With all due respect to click bait list making websites, sometimes y'all get it wrong. Or, maybe you just don't do enough research. In this case, I think that's what happened. The travel website Expedia created a list of the 20 Friendliest Cities in the U.S. I saw the story appear on Yahoo. According to the study, the ranking actually comes from various travels themselves. First flaw: Some cities aren't really destination ones. Meaning, not a lot of tourists flock there. Second problem, the left Cedar Falls off the list!

The list includes tourist hotspots like Whitefish, Montana, which is a beautiful place. Sister Bay, Wisconsin which is a destination for boaters, and I'm sure lovely. Manitou Springs, Colorado which... I cannot even pronounce but I guess has lots of neat art galleries. There's also 17 additional (mostly small) cities. Although Manhattan did make it, no other super cities like Boston were picked So if only smaller towns made the cut from travelers, why no love for any Iowa city? I know, I know, we don't have many touristy attractions. Blah blah. But I'd like to make a case for Cedar Falls. It's charming downtown with many kind and locally owned shops staffed with friendly folks. It's easy access to the river - which I get doesn't make it 'nice person' friendly, but definitely makes it walker and biker friendly. Plus UNI and all the arts assisted with the college.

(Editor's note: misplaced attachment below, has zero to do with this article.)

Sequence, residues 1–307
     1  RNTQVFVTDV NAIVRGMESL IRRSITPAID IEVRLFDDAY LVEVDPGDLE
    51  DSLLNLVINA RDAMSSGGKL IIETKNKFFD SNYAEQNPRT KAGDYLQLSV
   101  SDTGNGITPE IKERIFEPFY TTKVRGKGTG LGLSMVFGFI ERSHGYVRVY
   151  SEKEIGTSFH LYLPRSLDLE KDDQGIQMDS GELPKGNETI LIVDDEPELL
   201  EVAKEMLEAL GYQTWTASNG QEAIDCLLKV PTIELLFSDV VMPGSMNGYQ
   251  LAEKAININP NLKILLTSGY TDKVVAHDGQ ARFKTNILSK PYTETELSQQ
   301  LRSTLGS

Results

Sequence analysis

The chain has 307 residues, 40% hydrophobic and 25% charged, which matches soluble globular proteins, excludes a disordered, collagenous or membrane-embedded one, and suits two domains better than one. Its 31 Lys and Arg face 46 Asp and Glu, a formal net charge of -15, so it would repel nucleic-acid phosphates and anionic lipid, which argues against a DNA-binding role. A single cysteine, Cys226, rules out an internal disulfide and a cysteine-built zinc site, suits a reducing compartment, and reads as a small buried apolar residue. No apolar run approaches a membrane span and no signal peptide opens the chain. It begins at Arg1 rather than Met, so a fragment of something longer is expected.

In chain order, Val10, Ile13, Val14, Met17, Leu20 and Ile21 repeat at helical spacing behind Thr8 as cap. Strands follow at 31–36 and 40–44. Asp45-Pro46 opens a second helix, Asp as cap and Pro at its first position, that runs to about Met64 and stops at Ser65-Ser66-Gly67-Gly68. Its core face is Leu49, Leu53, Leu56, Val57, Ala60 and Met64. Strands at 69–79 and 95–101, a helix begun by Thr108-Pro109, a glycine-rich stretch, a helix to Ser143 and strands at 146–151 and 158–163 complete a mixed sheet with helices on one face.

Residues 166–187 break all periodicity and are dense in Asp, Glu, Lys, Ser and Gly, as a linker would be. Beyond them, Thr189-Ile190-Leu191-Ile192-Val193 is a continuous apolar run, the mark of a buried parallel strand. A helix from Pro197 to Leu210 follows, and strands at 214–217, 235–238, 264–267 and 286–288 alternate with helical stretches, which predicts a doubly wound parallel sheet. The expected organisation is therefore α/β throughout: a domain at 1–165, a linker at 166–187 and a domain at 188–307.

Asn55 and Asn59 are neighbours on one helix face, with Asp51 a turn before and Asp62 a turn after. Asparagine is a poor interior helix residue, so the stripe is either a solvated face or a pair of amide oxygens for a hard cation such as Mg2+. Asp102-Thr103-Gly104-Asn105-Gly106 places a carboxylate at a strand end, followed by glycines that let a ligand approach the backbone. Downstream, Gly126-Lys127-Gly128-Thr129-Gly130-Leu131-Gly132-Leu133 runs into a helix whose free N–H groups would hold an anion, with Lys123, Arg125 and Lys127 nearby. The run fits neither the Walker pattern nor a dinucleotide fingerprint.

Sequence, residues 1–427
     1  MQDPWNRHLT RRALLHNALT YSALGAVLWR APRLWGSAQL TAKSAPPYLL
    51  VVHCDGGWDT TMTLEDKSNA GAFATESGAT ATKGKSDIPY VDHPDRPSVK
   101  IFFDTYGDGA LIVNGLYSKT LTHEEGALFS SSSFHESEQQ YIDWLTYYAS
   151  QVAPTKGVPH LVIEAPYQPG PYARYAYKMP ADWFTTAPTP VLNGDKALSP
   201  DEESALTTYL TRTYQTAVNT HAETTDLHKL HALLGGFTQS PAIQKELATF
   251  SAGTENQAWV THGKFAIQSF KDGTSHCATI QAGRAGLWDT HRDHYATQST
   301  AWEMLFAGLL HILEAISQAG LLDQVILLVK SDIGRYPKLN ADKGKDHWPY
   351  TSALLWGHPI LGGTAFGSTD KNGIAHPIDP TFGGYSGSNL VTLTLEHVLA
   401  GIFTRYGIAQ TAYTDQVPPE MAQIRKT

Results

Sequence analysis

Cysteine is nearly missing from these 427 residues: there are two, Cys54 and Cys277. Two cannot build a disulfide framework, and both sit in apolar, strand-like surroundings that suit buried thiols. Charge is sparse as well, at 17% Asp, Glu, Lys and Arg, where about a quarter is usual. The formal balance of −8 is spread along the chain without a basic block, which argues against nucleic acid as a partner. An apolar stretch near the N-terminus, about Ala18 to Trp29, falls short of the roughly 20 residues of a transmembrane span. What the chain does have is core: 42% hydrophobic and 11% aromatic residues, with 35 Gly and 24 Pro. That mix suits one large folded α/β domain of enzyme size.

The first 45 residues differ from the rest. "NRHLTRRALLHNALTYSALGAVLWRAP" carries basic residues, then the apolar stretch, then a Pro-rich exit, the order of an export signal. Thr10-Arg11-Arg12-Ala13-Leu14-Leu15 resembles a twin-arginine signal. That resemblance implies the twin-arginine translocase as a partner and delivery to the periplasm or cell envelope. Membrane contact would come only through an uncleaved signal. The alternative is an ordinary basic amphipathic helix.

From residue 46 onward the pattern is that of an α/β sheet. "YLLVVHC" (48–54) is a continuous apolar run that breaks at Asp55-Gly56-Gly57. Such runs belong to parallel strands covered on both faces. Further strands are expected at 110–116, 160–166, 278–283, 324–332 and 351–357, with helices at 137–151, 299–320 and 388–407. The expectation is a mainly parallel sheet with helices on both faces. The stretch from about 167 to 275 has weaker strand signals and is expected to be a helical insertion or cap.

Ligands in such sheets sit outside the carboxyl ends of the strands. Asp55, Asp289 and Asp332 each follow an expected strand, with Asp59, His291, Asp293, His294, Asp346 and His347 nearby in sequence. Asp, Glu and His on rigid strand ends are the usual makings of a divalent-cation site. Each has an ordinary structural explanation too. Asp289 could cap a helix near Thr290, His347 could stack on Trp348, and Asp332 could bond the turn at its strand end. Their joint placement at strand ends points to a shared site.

So while Grants Pass, Oregon (#17 on the list) may have vineyards and a charming downtown, Cedar Falls has a charming downtown and several local breweries. Sierra Vista in Arizona (#6) was listed as a 'sunny escape; and 'the Hummingbird Capital of the U.S.' We have sun and hummingbirds, too. Just saying.

If you are looking to getaway, here's some must-see roads you can hop on.

See the Must-Drive Roads in Every State

LOOK: Stunning vintage photos capture the beauty of America's national parks

Today these parks are located throughout the country in 25 states and the U.S. Virgin Islands. The land encompassing them was either purchased or donated, though much of it had been inhabited by native people for thousands of years before the founding of the United States. These areas are protected and revered as educational resources about the natural world, and as spaces for exploration.

Keep scrolling for 50 vintage photos that show the beauty of America's national parks.